Universities and NHS Trusts will also need enough staff and resources to be able to properly train new staff.
The number of trainee nurses and midwives would need to nearly double in order for the government to meet its pledges in the NHS workforce plan.
According to the Health Foundation, nursing and midwifery training intakes, including nursing associates and health visitors, would increase by around 32,000, from 40,400 in 2022/23 to 72,400 by 2031/32.
The analysis published today by the health think tank shows the scale of the challenge facing universities and healthcare providers as they prepare to expand the intake of clinical students to meet the commitments set out in the NHS Long-Term Workforce Plan.
Medical school places would also need to increase by 7,500 to a total of 15,000 by 2031/32.
The report warns to deliver on the plans, universities and NHS Trusts will need enough staff and resources to be able to properly train new staff.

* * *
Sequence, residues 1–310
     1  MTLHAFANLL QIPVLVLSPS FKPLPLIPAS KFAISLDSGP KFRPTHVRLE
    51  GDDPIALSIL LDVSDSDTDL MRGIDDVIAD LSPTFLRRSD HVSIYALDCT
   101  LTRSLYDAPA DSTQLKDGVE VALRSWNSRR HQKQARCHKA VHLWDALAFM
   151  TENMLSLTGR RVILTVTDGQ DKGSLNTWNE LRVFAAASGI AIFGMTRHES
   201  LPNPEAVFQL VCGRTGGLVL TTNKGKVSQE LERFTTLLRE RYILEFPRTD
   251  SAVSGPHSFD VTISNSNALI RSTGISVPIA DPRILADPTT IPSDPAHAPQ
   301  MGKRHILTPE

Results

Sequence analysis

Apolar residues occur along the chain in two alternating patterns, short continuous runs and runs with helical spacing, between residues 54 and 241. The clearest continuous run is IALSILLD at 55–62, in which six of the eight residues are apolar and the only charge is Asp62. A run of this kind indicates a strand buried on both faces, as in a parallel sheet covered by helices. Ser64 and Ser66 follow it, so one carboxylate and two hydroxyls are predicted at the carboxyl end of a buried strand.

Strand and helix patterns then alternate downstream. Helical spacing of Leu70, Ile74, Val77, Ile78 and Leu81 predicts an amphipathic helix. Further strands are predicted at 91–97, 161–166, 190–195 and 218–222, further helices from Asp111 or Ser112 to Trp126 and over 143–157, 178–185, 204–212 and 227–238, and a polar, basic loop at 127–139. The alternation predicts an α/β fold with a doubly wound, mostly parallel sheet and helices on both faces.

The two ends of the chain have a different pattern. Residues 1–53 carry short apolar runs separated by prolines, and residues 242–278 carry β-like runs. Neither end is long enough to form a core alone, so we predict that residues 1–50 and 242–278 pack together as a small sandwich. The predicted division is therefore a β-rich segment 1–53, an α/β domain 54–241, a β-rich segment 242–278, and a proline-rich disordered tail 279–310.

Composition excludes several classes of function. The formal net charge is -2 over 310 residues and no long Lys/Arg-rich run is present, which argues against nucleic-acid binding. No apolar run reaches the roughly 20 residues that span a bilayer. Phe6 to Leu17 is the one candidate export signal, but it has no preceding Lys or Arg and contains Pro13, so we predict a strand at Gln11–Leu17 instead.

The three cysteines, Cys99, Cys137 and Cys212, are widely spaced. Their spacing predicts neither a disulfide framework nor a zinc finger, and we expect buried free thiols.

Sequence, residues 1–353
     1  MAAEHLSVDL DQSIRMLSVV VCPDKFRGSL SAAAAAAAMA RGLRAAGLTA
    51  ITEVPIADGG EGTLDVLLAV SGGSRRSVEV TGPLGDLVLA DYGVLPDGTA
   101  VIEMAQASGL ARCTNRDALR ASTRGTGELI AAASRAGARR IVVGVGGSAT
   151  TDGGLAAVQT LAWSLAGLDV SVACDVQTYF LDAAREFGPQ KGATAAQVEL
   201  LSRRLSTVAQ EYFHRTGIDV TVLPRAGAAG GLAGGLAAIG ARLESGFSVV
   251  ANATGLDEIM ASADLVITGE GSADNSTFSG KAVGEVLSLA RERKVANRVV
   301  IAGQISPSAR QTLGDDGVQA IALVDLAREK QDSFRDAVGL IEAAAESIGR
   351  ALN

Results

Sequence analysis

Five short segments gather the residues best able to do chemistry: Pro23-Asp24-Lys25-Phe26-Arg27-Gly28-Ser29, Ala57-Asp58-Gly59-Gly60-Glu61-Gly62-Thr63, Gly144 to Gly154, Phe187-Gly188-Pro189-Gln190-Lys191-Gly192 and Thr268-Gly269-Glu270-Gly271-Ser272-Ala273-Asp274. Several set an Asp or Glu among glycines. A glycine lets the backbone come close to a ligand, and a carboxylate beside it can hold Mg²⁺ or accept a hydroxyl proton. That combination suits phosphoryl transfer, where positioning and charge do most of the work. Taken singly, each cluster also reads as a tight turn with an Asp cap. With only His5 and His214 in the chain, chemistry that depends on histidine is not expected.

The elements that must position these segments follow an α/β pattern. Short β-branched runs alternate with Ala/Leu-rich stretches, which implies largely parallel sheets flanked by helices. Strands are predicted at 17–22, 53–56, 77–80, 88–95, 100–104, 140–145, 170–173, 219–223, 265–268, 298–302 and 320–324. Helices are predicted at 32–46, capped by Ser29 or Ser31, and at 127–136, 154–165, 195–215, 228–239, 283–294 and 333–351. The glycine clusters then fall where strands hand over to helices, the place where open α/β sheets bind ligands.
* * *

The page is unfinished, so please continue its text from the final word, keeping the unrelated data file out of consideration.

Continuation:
Long-term capital investment.
A lack of published plans to expand the overall number of student places means it could be a challenge for the government to honour their pledge.
Economist for Health Foundation’s REAL Centre Nihar Shembavnekar, explained: “The NHS Long Term Workforce Plan is a major milestone and is rightly ambitious about increasing the number of trained NHS staff.
“However, the implications for universities and health care providers, and the speed at which they will need to increase capacity for training health care workers, should not be underestimated.”
They add, “Boosting health care training places is vital to address chronic staff shortages and meet the future needs of the NHS but it is just as crucial to improve staff retention.
“The government should also commit to the long-term capital investment needed to give the NHS the modern buildings, equipment, and technology it desperately needs to make the plan work.’